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Sunday, October 23, 2005

I'm all for it

I had breakfast with a new friend recently. He told me he was sick and tired of Christians saying what they were “against.” He really wanted to hear Christians spending time talking about what they are “for.”

(Now, before all you witty people email me and tell me that the irony in the above statement is that he was actually saying he is “against” something himself, let me acknowledge the irony for you. Get past it now because he had some great things to say)

I understand where he is coming from. We spend a lot of time pointing the finger, don’t we?

So, I thought I would try an experiment. I dare you to try it. The experiment: Only talk about things you are “for” for an entire day. I tried. I did it for a day but, I had to work at it. I will admit it. It was a chore. I didn’t tell anyone about the experiment when I did it.

When someone complained to me about another person, I responded by talking about all the wonderful things I love about the person being lambasted. I even said to one lady in particular (who was in the process of ribbing someone in the church), “you know what I hate about so-and-so? I hate that they are always talking behind someone’s back.” She stopped.

I am not a cynic. I am not a depressing person. I am “for” half-full glasses. I think I am pretty grace-filled. But, I did notice how often I talk about what isn’t right and what needs to change (as opposed to the wonderful things happening all around us and what we need to do to get on board).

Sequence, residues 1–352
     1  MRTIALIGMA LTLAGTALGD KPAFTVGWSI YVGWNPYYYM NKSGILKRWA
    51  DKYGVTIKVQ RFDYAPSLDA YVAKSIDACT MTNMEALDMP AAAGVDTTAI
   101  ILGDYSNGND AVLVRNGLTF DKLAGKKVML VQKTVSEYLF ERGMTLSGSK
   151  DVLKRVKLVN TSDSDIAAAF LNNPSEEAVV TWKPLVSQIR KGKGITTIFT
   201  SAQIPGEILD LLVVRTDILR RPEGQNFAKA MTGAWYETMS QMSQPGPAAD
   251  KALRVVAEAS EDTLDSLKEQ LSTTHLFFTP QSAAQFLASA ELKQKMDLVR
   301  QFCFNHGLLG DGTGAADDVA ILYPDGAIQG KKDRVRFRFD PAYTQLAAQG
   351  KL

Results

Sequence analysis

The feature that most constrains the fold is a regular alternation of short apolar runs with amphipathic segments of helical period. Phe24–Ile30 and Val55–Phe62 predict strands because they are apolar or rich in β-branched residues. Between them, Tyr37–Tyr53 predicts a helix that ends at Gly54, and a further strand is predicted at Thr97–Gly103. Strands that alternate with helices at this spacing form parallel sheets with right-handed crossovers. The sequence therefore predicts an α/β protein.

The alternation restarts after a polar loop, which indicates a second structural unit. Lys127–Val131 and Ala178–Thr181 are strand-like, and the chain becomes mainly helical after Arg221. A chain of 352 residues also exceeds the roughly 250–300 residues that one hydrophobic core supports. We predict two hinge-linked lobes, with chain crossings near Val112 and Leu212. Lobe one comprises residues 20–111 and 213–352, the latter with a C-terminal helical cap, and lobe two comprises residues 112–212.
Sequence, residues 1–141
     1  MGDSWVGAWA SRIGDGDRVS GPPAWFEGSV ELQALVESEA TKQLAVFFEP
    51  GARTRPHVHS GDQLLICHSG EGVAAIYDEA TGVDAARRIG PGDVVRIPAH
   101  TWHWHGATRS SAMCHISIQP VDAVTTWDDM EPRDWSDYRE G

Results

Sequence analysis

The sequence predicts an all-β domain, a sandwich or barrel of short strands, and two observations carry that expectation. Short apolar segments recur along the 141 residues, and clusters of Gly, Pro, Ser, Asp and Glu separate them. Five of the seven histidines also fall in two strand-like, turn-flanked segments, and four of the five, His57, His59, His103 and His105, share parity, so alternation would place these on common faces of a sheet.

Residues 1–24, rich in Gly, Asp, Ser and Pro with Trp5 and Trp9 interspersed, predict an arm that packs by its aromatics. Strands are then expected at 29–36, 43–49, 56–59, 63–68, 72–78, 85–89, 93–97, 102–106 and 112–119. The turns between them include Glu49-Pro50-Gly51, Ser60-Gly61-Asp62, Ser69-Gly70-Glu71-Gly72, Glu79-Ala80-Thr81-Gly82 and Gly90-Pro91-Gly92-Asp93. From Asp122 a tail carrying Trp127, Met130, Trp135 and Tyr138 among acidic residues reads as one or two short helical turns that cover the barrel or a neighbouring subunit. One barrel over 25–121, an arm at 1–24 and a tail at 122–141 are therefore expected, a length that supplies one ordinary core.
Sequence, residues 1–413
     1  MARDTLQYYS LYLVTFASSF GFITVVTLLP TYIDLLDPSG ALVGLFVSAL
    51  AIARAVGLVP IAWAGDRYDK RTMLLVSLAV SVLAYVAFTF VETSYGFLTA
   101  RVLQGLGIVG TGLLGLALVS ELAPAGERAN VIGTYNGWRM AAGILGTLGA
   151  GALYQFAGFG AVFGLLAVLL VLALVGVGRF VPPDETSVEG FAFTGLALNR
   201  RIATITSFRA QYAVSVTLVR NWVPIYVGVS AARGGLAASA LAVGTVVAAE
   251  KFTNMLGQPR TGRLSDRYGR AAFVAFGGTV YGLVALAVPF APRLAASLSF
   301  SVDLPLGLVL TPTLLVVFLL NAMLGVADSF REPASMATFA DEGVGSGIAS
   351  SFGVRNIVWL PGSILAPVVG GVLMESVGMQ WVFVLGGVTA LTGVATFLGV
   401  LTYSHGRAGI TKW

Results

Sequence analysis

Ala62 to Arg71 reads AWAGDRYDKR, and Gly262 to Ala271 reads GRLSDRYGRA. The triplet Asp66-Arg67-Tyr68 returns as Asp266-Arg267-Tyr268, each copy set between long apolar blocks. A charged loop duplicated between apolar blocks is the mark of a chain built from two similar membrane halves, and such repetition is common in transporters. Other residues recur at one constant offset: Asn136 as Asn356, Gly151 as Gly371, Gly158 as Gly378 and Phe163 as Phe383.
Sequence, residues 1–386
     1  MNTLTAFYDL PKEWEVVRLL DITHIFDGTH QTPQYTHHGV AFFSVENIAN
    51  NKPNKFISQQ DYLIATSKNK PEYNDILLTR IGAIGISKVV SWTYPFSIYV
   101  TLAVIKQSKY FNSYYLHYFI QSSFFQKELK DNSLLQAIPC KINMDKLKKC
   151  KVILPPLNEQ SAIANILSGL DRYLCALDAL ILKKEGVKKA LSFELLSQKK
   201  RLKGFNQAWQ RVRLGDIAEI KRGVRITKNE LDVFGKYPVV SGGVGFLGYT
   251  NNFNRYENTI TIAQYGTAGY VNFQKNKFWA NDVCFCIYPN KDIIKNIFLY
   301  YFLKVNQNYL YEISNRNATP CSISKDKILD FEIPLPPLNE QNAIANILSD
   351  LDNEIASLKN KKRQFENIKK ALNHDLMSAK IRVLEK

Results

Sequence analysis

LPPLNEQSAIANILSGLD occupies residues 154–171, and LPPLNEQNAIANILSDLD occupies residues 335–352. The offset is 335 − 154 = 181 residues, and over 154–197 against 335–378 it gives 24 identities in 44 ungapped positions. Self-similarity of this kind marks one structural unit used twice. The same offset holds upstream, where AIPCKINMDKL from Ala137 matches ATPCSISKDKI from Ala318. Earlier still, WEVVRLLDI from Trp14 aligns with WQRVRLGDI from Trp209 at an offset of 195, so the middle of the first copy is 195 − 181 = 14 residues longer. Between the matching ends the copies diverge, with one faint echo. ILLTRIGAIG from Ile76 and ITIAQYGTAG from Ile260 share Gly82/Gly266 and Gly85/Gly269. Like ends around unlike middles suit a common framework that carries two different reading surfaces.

I stopped blogging for weeks.

It wasn’t that I had nothing to say. I have been trying to figure this thing out about standing “for” something. Even when I stand “for” something, it is usually juxtaposed to something I am against—even if I don’t mention it. Usually.

Not always. Take vegetables for example. I am for vegetables. In general, I am for them. They are good for you. Wait a minute. That means something is bad for me. Vegetables are better than something. Unless you are in the first two weeks of the Atkins diet. Then, meat is better than vegetables. I am for the Atkins diet. Guess that means I am against me being sloppy and overweight. Dang. This is hard.

Of course, I’m having fun.

I did learn a lesson from my friend. There are many ways to communicate what we don’t believe is healthy. And, it is sometimes necessary to communicate those things. But, there are different places to start discussing concerns. The place we start will determine the whole tenor of the conversation and may determine if people want to listen or not.

2 comments:

Rich Kirkpatrick said...

John,

Amen. Dittos. There are too many negative messages out there--not that I am complaining or anything!

I just started blogging, check my thing out..

http://www.richkirkpatrick.com

Rich

Mike Lee said...

Good stuff, bro.

I like to do this at work. There is one particular guy everybody likes to slice and dice in order to decorate their own gold-laden self-esteem platter...especially when he's not in the room. It's pretty amazing when you talk about the unpopular (sounds like middle school, doesn't it?) guy's positives how the talkers either (1)shut up or (2)get more defensive and adamant about their negative position! Either way, it sends a message.

It is difficult at first, but it's nice standing up for right rather than sitting with the wrong. Aaron Tippin once sang, "You've got to stand for something or you'll fall for anything."

Peaze out!